According to a press release , an internal investigation by the company found that all options granted before February 27, 2002 were accounted for incorrectly because Research In Motion did not apply variable accounting methods.
Specifically, the company failed to apply variable accounting for the awards as a result of the “net settlement” feature of its stock option plan. That feature meant that employees could – instead of paying the exercise price in cash – ask to receive fewer RIM common shares equal in value to the difference between the grant price and the market price at the time of the exercise multiplied by the number of options exercised, the company said.
The committee found that from February 28, 2002 to August 2006, there were incorrect measurement dates for approximately 321 grants in respect to options to acquire 4,581,000 common shares, which represents about 63% of the grants made by the company after February 28, 2002.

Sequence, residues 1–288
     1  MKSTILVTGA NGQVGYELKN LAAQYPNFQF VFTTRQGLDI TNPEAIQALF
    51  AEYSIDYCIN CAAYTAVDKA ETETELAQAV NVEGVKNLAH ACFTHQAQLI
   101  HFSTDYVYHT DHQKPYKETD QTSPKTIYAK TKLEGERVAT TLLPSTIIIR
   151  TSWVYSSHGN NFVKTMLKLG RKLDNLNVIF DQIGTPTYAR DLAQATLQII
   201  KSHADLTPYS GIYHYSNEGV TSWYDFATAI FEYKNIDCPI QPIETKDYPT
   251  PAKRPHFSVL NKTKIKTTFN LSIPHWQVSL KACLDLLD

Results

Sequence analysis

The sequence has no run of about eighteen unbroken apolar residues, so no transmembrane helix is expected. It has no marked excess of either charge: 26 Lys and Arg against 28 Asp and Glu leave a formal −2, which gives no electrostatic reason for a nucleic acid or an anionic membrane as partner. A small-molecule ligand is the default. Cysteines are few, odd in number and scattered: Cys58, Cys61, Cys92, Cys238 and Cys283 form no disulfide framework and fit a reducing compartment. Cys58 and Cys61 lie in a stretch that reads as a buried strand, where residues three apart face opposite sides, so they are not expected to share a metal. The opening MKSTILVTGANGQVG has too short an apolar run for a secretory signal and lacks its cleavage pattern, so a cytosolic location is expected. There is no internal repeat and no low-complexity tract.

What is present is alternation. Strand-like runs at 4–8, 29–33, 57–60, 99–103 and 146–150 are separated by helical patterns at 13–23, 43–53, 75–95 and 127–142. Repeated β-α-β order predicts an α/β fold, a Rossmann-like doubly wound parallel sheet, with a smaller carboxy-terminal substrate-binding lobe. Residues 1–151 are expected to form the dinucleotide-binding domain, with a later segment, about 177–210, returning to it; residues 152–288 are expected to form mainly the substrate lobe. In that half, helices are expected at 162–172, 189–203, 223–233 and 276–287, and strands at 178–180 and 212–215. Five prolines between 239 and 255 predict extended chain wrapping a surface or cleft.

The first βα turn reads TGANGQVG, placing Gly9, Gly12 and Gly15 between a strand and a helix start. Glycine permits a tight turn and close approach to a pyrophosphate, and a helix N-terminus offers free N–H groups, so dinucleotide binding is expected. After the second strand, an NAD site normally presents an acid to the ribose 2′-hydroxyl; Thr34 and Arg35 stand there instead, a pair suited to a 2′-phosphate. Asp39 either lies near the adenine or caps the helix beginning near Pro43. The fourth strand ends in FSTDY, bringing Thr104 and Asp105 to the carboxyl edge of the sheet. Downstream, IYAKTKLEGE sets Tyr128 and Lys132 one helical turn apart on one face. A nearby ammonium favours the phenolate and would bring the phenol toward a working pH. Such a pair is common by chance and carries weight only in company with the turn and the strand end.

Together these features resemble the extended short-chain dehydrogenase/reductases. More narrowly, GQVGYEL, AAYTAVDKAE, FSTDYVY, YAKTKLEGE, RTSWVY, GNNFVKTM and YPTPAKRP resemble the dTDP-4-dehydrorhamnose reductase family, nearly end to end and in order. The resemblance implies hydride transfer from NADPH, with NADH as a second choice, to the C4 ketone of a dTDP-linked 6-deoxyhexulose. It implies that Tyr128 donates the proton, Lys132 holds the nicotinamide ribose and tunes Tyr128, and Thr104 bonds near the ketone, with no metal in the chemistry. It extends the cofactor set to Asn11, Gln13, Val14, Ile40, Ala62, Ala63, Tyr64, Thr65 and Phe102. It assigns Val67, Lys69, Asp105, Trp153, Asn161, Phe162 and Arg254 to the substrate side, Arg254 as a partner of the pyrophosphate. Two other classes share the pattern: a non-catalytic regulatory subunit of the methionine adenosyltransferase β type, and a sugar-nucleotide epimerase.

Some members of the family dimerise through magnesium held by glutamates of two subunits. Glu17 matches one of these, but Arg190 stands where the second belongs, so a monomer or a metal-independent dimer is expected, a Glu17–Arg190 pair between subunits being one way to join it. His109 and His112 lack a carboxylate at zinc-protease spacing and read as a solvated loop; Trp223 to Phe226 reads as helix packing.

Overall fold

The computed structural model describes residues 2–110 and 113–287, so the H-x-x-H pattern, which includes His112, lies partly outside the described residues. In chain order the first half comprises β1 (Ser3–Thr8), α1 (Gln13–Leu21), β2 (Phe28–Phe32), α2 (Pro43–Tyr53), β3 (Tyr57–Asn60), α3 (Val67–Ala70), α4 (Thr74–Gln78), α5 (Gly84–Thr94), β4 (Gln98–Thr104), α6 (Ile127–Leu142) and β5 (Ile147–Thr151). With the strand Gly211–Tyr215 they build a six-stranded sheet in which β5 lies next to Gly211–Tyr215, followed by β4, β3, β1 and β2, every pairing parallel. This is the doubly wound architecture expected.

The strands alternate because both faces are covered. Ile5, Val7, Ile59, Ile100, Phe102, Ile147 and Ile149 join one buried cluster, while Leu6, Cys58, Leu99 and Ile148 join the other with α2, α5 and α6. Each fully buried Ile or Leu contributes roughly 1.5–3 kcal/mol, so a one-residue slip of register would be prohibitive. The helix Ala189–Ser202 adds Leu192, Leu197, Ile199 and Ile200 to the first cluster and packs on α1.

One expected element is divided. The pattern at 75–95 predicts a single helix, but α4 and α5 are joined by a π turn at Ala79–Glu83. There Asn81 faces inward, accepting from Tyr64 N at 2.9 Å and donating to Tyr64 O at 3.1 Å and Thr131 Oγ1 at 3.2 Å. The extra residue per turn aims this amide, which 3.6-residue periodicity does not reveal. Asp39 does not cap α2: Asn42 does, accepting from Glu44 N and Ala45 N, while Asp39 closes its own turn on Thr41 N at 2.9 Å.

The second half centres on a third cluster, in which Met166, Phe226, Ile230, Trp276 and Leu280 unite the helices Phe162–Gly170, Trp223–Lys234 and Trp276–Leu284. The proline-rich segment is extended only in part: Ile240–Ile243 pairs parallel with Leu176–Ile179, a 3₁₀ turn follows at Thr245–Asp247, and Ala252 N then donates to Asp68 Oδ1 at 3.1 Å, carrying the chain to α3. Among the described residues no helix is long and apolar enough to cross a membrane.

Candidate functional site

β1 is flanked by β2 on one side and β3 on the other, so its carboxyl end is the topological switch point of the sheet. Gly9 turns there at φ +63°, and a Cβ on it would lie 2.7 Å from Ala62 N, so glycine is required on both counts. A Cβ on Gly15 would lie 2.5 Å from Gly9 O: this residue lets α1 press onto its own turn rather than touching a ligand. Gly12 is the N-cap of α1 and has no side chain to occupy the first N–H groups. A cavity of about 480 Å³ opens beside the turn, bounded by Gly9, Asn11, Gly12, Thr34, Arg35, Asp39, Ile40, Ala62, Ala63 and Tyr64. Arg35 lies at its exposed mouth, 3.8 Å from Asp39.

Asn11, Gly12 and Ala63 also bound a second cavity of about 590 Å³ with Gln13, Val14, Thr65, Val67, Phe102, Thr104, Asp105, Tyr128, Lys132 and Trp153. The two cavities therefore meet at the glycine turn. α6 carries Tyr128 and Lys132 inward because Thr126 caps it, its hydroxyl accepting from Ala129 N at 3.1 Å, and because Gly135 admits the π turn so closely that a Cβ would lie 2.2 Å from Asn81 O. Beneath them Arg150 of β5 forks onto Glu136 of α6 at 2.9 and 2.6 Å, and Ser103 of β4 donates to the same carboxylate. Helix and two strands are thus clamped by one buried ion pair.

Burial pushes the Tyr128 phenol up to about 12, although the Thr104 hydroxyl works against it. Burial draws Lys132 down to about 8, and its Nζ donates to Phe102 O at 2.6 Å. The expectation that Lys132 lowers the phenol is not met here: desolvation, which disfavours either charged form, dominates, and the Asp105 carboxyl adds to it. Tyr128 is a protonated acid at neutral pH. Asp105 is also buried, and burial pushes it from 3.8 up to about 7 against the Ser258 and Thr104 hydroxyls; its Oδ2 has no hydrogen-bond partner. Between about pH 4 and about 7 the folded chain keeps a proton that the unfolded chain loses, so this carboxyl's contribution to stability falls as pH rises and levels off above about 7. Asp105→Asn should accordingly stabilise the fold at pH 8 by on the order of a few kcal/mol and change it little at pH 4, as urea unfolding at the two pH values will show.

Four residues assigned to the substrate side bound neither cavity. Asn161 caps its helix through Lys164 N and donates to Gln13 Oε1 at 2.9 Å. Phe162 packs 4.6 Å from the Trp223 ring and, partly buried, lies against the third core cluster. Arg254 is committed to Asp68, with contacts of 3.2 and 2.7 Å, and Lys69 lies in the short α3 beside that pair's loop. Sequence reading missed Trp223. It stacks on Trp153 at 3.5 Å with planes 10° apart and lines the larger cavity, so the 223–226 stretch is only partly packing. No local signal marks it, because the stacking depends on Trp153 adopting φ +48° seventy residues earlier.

The three major accounting errors that the internal committee found were:
- The misapplication of U.S. GAAP as it relates to a “net settlement” feature contained in the company’s option plan until February 27, 2002,
- The accounting for certain share awards granted prior to the adoption of the company’s stock option plan; and
- The misapplication of the determination of an accounting measurement date for options issued after the “net settlement” feature was eliminated in February 2002.
The company also announced some changes to its hierarchy as a result of the findings. John Richardson was named lead director of the board, which will now have two additional directors, or a total of nine members.
The company said that it will split the roles of chairman and CEO, and that Jim Balsillie has voluntarily stepped down from the role of Chairman, but will keep a position as Co-CEO with Michael Laziridis and will also stay on as a director.
According to the press release, Balsillie was directly involved in approving grants following the company’s initial public offering in 1997, including grants that have been found to have been accounted for incorrectly; however, that role diminished overtime as the task was delegated to other employees.